They messed with the wrong Christmas movie. Again.
Hawthorne College is an institution of higher learning being dragged reluctantly into the modern “woke” era by individuals demanding more from their school than the status quo. As the college quiets down for Christmas break, a sorority uses a holiday tradition to highlight and embarrass The Founder’s Fraternity over an ignored sexual assault accusation from a few years back. Even before the event, however, a number of young women thought to have left for the break are being reported late getting home, and Riley (Imogen Poots) discovers her initial suspicions are far worse than anything she could have imagined.
As the second reboot of the original 1974 Canadian slasher film about a killer stalking a college over the holidays, one might expect filmmakers would have studied the failings of the 2006 reboot that sacrificed an R-rated promise for PG-13 fare… and how poorly that final film turned out. The trailers for this re-imagining reflect not just an updated stylized stalker but even a modern excuse for it, but a last-minute edit again from R to PG-13 may already be telling. Ghost stories like The Others, Poltergeist, and the American remake of The Ring have done fine with less than an R rating, but is that even possible in the slasher genre?
The surprise hit Happy Death Day proved you can do a smart and fun slasher flick (with a Groundhog Day twist) on both a budget and a PG-13 rating, so the benchmark and precedent has already been set. Unfortunately, any goodwill and promise the trailers for the 2019 remake of Black Christmas appears to have been left on the cutting room floor. Plot aside, the theatrical cut repeatedly pulls the punch of every setup, leaving nothing more graphic or more mysterious than the trailer. While ambitiously trying to have it all — a rape-culture expose, a decent horror film, plus an comeuppance ending — an unwillingness to “go there” hamstrings the entire production and ultimately underwhelms.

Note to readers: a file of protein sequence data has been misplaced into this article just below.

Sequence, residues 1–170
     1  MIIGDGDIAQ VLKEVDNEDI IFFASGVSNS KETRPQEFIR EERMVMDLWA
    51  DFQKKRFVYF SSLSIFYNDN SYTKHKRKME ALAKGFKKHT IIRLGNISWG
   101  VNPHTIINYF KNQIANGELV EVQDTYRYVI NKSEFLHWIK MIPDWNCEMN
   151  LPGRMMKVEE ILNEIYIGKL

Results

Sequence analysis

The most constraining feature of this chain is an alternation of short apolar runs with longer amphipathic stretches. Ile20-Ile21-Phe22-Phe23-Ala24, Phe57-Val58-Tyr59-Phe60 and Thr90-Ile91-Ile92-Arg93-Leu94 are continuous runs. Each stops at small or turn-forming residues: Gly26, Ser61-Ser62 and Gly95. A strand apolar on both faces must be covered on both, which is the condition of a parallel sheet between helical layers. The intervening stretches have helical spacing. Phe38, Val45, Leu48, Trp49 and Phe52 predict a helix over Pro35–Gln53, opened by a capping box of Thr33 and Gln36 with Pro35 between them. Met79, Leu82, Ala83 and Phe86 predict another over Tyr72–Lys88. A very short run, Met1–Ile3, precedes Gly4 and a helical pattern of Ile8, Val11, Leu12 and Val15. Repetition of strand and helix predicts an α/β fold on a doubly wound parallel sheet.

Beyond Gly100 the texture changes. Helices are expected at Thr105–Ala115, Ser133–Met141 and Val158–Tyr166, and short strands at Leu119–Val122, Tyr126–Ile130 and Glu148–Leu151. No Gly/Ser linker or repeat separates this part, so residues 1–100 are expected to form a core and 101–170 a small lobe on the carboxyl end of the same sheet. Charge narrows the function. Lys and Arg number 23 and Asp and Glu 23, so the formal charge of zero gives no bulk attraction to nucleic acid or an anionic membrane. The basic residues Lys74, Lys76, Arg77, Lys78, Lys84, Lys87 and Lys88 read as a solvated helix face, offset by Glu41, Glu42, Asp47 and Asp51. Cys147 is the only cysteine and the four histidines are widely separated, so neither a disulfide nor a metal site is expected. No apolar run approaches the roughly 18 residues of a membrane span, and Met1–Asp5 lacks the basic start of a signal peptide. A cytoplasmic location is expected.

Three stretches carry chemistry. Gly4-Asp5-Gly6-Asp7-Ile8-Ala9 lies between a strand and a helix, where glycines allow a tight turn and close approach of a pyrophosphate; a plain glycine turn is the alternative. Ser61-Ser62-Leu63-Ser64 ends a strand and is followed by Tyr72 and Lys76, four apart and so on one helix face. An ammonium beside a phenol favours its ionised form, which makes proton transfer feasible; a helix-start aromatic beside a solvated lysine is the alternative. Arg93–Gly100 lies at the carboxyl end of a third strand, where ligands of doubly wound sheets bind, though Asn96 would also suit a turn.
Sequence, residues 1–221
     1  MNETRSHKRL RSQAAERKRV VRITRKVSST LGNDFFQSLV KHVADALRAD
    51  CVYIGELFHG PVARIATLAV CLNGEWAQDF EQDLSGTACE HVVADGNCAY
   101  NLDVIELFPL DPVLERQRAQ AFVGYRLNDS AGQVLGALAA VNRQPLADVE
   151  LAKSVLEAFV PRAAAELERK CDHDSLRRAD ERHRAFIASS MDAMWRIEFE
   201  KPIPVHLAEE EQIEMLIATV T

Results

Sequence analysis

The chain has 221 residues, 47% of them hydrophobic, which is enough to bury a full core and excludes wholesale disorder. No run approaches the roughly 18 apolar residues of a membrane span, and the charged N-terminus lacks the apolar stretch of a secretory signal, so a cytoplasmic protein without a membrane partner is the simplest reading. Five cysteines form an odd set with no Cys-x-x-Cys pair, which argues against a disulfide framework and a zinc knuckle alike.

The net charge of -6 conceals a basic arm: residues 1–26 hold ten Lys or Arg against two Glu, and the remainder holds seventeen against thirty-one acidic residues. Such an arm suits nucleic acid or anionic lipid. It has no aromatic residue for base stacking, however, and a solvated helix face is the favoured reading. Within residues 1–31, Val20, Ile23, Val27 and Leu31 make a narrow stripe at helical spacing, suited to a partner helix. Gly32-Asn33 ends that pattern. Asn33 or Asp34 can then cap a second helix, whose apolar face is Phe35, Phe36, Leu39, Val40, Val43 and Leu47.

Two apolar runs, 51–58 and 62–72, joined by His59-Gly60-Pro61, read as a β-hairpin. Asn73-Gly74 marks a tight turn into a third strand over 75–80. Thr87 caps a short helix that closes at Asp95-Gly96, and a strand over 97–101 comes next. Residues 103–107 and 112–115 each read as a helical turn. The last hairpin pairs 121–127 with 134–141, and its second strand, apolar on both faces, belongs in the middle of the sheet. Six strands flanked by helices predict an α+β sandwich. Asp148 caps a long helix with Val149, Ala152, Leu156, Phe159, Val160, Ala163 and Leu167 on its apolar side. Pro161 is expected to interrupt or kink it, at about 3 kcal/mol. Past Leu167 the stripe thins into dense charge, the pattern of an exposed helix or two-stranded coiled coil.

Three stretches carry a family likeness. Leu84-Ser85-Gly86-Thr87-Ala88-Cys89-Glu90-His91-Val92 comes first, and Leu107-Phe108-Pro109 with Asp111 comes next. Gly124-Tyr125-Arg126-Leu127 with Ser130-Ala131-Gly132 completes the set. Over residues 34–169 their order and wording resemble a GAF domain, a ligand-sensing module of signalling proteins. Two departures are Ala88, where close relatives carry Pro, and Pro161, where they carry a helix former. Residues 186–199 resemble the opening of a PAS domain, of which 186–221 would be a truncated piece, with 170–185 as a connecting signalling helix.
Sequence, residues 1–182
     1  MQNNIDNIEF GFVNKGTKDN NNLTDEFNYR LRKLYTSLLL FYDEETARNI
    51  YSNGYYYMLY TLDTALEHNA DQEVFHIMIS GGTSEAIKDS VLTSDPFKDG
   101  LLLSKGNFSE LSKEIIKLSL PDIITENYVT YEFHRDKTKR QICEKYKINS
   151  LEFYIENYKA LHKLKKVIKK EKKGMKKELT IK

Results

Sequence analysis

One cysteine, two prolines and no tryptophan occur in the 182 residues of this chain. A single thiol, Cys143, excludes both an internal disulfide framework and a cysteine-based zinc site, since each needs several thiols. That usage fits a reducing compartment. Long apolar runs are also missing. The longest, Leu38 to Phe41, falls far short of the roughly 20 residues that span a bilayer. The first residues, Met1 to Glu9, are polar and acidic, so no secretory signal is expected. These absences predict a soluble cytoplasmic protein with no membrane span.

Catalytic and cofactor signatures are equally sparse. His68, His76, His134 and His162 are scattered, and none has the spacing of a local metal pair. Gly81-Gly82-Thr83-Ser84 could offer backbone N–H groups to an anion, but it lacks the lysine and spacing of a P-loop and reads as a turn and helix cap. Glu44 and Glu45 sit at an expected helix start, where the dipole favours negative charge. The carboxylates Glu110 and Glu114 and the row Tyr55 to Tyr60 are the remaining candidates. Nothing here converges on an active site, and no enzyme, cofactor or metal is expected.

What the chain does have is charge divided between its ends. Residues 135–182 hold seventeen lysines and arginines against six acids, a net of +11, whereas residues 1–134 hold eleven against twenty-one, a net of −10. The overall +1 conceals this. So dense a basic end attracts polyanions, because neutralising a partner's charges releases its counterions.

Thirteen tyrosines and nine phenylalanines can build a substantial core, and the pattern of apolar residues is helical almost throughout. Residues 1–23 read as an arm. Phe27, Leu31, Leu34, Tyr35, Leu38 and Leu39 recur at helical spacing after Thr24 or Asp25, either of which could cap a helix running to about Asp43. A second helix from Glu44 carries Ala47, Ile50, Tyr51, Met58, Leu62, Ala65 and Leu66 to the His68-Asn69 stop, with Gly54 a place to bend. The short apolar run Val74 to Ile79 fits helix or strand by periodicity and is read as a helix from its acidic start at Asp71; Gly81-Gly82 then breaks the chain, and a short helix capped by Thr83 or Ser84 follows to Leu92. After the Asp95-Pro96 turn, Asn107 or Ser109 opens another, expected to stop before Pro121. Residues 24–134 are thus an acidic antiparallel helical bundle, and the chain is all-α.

This brings us to the biggest story problem: pushing a victim to take back power before they’re ready. So much mystery is made over Riley’s past that it undercuts the setup (thou shalt not be boring) until viewers feel hit over the head with “men bad” examples when the story could have moved forward. It isn’t until we get halfway through the second act that the other shoe finally drops, yet even then the movie refuses to go as far as needed. What’s worse is the supernatural being introduced as a catalyst before being pissed away with lackluster explanations instead of showing it; the kill-rules could have been far more interesting with this revelation and even surprising. Unfortunately, the in-story film coasts on good actors rather than a good script, even squandering the sinister appearance of Cary Elwes.
In the first remake, victims being dragged under the house with Christmas lights made the trailer look wicked but were absent in the final film. After the second trailer for Black Christmas 2019, there are exactly no secrets left and nothing more to see; it’s like watching the movie in two minutes for free. Hints of history at the school are present from the opening title card, yet the “current generation” supposedly guesses exactly how everything works while doing nothing that makes any sense. A deliberate body count is pointless if no one knows who did it or especially why, and if there was any greater plan going forward, why call attention to it with a between-semester culling guaranteed to shut the school and your hunting ground down? Failing on every story level, Black Christmas is one of the worst films of the year… again.
Black Christmas 2019 is rated PG-13 for violence, terror, thematic content involving sexual assault, language, sexual material, drinking, and trying to pass off an after-school special as a slasher film.
Zero skull recommendation out of four
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